NC courts grapple with monuments to jurist who brutalized the enslaved

A statue of North Carolina Chief Justice Thomas Ruffin, who brutalized enslaved people and sanctioned brutality by other enslavers, sits near the entrance to the state Court of Appeals in Raleigh. (Image from a collection at the University of North Carolina-Chapel Hill.)

As protests against police brutality and white supremacy wound through the streets of North Carolina's capital city last month, several windows were shattered at the state Court of Appeals building. Chief Judge Linda McGee said the damage was "only feet away" from a statue of Thomas Ruffin, who served as chief justice of the state Supreme Court from 1833 to 1852. Ruffin personally brutalized enslaved people and used his position on the court to sanction physical abuse by enslavers.
On the night of June 2, National Guard troops stood outside the Court of Appeals, protecting the building. McGee said Ruffin's statue was the only possible target there. For years, racial justice activists and legal scholars have called for the removal of depictions of Ruffin, who was appointed to the high court by the state legislature in 1829. (The legislature chose the state's judges until after the Civil War.) An unusually large portrait of Ruffin also holds a prominent place at the state Supreme Court.
In Ruffin's first year on the bench, the North Carolina Supreme Court unanimously overturned a $5 fine against a man who had rented an enslaved woman, beat her, and then shot her in the back when she tried to escape. Ruffin wrote the opinion, which said the enslaved must know "that there is no appeal from his master; that his power ... is conferred by the laws of man at least, if not by the law of God." He downplayed brutality against enslaved people and said that circumstances had produced among enslavers a "mildness of treatment and attention to the comforts of the unfortunate class of slaves." 
Around the same time, Ruffin beat an enslaved person named Bridget Murphey, whom he had formerly owned, when she returned to his plantation to visit her daughter. In letters, Ruffin talked about how much he hated Murphey and tried to sell her far away, and how her "bad character" would influence others he enslaved. Murphey's descendant, Leslie Lewis, told Facing South that Ruffin raped Murphey. Lewis is also descended from Ruffin. 
"The whole truth needs to come out, in order to make a stronger case as to why the statues need to come down," Lewis said, speaking on behalf of her family. "It makes me angry to know that his statue and portrait are still there. He was a monster." 
When the court ruled in 1849 that an enslaved person who fought back against a white man because he feared for his life couldn't be charged with murder, Ruffin was the only dissenter. He acknowledged that he would have agreed with the majority if the defendant and the deceased had both been white, or had both been slaves.
The current North Carolina Supreme Court appointed a commission last year to examine the portraits of Ruffin and other problematic justices. At its June 3 meeting, Bree Newsome Bass, a member of the commission and an activist who climbed a flagpole to remove a Confederate flag from the South Carolina State House grounds in 2015, repeatedly emphasized that the portrait is emblematic of a much deeper problem.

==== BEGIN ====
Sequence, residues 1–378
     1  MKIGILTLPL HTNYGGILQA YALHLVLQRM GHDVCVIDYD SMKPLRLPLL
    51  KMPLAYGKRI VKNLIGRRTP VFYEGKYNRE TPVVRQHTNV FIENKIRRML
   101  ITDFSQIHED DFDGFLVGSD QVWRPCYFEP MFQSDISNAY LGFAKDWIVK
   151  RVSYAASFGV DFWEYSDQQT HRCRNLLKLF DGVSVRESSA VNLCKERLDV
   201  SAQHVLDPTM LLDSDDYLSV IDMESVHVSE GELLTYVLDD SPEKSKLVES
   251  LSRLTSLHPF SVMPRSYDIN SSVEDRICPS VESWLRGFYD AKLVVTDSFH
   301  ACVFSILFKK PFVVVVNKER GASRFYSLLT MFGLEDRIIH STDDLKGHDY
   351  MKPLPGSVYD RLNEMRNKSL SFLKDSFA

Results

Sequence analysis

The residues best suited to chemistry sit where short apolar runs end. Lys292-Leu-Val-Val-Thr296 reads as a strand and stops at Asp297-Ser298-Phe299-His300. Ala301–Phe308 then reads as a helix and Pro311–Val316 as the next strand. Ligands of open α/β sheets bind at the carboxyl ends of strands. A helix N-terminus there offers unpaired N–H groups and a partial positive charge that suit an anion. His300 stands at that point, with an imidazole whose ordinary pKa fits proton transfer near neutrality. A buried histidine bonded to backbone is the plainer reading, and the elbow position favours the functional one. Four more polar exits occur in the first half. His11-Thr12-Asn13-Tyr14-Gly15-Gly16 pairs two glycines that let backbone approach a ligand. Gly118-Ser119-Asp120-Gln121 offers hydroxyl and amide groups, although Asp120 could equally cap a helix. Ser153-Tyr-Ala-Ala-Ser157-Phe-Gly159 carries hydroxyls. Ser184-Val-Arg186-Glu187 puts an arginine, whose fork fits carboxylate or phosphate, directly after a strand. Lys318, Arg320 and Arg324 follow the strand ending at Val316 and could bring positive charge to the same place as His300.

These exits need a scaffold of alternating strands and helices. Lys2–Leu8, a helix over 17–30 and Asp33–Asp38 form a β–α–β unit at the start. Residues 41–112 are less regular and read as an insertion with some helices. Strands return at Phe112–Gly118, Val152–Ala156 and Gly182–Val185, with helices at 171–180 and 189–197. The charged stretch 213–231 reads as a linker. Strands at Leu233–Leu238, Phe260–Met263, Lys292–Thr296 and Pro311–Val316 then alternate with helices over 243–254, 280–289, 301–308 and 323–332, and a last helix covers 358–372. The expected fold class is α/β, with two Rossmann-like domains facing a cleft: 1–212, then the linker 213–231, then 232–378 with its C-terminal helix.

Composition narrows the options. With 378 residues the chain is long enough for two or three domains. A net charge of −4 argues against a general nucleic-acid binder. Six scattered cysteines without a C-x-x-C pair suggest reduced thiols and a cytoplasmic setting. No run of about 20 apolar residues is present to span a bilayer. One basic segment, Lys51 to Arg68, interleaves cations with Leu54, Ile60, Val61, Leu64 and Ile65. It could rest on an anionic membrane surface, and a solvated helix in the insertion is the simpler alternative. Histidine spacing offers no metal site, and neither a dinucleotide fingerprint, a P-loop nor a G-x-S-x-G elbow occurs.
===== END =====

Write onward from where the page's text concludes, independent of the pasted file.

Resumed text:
"I think that the elephant in the room is white supremacist ideology and its relationship to the state of North Carolina, the court system, the Court of Appeals, and how that relationship is represented through the display of certain artwork," she said. Citing the fact that Ruffin had no relationship to the Court of Appeals, which wasn't established until 1967, Bass said the depictions of Ruffin served "as a symbol of white supremacist ideology and the campaign for Lost Cause mythology."  
In an interview with Facing South, North Carolina Supreme Court Chief Justice Cheri Beasley — the first Black woman to hold that position — said the debate over Ruffin's portrait is "part of a greater conversation" about access to justice and racial disparities in the justice system. Commenting on the recent Black Lives Matter protests, Beasley said that "when their concerns are backed up by evidence-based data, we have to … be introspective about the role of the courts in perpetuating racial disparities."
Former Justice Willis Whichard, a member of the commission who served on a relatively progressive North Carolina Supreme Court from 1986 to 1998, asked his colleagues to vote for a plan to take down the portrait of Ruffin and eventually hang a smaller portrait of him alongside the portraits of other chief justices over the court's 200-year history. 
While she generally agreed with that proposal, Bass and other members wanted to specify that no court funds would be used to pay for a new portrait of Ruffin. Bass also asked that the commission include a condemnation of Ruffin's connection to white supremacy, but Whichard suggested a "blanket condemnation" of racism in the state's judiciary instead. "If a white supremacy ideology is the criteria, probably two-thirds to three-fourths of those portraits would have to come down," he said.
Commissioner Catherine Bishir, curator of architecture special collections at North Carolina State University Libraries who has written about the white supremacist roots of Confederate monuments, suggested that the problem was the enormous size of Ruffin's portrait. "I think that the portraits of the justices are simply a record of who has held that office. And that's all it is. It doesn't mean ‘this one was a good guy, this one was a bad guy,'" she said.
The commission voted to begin establishing an online portal for public comments. It has until the end of this year to make a recommendation to the court.